Governors Brown of California and Christie of New Jersey were joined together in the news after Christie criticized Brown’s leadership Monday, but oddly the two are connected again one day later because of Christie’s keynote address to the Republican National Convention and Brown’s release of his pension reform package the same day.

Brown declared that his measure would save $18 to $30 billion in 30 years if implemented. Christie said in his speech when he took on public sector unions to reform pension and health benefits he saved taxpayers $132 billion over 30 years.

Christie said he included retirees’ health care in the reform, which Brown did not. Health care for retired public employees, free to some former public workers, is a soaring cost to taxpayers.

Yesterday, CalPERS reported savings will be in the $40 to $60 billion range for Governor Brown’s plan. Frankly, I don’t know if any of the numbers being thrown around can be verified, but I’ll be a little suspicious of CalPERS number coming from folks who still believe investments will bring a 7.5% return in these times. However, even at $60 billion, it is less than half what Christie says the less populous state of New Jersey will save.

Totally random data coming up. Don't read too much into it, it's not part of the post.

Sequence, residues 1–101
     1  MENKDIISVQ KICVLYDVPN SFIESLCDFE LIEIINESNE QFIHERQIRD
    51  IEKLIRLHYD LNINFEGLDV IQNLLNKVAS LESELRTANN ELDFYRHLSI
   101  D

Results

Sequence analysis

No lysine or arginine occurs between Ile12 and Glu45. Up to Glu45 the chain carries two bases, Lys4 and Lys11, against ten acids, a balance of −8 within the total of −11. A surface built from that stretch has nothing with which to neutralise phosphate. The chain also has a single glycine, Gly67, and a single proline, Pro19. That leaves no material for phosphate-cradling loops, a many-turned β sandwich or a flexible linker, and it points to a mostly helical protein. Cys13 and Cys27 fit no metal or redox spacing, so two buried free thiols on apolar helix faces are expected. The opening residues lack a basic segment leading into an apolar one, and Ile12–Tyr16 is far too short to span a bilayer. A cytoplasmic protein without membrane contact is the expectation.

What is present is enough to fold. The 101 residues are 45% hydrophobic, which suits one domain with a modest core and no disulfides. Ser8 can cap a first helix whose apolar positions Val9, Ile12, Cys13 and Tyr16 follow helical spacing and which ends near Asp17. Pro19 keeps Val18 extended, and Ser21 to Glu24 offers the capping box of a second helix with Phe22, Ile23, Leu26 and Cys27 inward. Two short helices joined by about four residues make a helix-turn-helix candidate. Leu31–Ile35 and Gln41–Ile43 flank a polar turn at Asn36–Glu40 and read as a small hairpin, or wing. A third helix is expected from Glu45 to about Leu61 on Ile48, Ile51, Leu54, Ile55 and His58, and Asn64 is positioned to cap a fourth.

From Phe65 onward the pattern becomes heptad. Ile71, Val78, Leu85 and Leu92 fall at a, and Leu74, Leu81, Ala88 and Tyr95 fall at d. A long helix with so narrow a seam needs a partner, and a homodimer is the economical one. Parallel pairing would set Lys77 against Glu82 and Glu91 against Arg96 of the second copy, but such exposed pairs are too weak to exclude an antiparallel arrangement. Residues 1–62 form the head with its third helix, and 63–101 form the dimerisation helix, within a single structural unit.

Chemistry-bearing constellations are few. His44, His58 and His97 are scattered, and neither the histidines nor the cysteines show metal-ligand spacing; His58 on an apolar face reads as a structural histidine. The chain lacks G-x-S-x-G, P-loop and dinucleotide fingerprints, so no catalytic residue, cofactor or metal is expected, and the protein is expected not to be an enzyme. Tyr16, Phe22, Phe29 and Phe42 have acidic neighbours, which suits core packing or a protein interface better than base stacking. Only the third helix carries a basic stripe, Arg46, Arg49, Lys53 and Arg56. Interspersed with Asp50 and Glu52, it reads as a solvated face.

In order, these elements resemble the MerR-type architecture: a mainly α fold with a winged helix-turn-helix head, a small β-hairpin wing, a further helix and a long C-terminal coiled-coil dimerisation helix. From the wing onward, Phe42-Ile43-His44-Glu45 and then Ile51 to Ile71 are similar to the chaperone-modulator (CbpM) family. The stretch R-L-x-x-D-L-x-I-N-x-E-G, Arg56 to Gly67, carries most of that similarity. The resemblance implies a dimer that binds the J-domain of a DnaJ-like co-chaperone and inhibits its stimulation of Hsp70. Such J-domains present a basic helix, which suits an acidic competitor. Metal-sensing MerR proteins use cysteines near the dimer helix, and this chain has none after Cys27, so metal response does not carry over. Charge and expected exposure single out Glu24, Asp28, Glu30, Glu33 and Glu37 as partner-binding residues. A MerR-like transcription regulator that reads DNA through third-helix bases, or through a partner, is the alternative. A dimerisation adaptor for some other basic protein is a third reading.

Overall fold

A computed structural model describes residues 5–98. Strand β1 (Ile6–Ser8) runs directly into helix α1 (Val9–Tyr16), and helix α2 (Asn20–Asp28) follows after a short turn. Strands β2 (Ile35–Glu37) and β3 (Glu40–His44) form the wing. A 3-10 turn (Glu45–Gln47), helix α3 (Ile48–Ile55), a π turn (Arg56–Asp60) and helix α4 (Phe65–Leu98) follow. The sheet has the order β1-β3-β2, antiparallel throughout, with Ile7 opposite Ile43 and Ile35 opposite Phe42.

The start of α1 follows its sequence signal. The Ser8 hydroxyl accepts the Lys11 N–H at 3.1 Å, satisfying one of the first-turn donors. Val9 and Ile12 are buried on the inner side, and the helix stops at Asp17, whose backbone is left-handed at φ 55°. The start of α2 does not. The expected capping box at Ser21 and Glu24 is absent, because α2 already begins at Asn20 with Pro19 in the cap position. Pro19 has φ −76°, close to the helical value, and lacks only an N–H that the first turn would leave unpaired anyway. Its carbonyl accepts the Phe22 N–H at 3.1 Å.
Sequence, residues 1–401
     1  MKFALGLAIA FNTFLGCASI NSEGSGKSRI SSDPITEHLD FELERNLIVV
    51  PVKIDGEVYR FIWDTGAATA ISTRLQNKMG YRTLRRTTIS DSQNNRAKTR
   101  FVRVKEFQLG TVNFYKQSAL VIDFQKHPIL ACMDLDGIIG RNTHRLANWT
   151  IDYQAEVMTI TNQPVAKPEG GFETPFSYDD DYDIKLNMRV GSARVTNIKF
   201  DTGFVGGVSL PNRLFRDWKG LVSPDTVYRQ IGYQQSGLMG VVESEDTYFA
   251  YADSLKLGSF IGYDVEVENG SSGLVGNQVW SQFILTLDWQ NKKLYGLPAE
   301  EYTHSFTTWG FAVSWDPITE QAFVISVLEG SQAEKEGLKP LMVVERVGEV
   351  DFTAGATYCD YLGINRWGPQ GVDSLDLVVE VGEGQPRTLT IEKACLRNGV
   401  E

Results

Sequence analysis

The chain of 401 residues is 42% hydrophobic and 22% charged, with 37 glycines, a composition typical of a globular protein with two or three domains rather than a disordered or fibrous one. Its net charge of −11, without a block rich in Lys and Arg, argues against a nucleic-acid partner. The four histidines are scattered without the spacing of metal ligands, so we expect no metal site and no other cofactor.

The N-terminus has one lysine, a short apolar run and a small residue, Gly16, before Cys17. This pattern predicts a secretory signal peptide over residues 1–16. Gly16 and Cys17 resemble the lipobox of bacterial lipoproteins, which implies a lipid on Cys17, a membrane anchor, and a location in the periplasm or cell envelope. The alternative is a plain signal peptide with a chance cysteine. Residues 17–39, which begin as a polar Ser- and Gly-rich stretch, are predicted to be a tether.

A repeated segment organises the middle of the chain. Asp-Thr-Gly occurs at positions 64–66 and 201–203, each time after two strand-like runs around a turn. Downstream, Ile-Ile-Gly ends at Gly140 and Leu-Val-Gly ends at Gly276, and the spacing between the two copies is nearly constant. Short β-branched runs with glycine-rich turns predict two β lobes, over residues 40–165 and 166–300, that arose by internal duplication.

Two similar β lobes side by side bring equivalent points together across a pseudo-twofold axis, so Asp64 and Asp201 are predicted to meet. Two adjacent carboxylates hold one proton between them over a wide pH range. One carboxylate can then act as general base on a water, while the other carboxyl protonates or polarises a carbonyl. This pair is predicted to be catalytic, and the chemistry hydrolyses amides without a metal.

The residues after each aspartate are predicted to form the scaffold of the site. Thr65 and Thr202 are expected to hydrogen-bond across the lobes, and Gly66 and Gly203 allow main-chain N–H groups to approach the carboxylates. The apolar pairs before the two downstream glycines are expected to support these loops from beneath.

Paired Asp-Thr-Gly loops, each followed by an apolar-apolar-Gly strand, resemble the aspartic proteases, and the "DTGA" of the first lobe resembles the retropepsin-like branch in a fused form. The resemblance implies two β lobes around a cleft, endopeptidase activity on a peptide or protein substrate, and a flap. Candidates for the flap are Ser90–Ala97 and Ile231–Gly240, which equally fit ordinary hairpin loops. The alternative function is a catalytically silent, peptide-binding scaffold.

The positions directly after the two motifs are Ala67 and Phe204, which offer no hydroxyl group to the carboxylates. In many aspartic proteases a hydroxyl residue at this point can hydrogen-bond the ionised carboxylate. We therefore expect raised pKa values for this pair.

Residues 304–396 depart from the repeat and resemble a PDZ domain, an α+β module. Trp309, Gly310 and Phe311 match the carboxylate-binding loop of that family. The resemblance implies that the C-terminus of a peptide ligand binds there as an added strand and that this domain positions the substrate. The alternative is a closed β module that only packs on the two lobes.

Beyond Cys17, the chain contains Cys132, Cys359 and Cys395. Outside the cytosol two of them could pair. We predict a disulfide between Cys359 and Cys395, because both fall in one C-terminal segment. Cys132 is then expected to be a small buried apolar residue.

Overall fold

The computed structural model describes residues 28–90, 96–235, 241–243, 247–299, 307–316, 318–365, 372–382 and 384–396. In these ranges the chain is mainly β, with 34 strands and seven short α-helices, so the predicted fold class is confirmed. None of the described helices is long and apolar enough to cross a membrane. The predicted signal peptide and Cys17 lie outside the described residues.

Using the Christie numbers as a yardstick, it seems the reforms Brown put forward are wanting. That appears to be the consensus of those who follow the efforts to cut down California’s unfunded pension liability.

Dan Borenstein of the Contra Costa Times, who’s made a career of late of delving into pension issues, tagged the governor’s proposal, “pension reform lite.”

A Sacramento Bee editorial on the subject headlined the pension deal, “modest at best.”

And, California Pension Reform president, Dan Pellissier on Fox and Hounds declared the pension reform to be “meager.”

Let’s acknowledge that the governor’s proposal contained some good reforms and is a step in the right direction. But, as the analysts commented, it doesn’t seem to be nearly enough. The proposal falls short of the governor’s own proposal from last October, which he called minimal at the time.

With California sitting on anywhere from a $250 billion to $500 billion unfunded liability for retirement costs depending on who is doing the measuring, $18 billion or even $60 billion savings over 30 years is something, but not nearly enough, especially considering the Christie figure of $132 billion. Such a number would be much better for California taxpayers.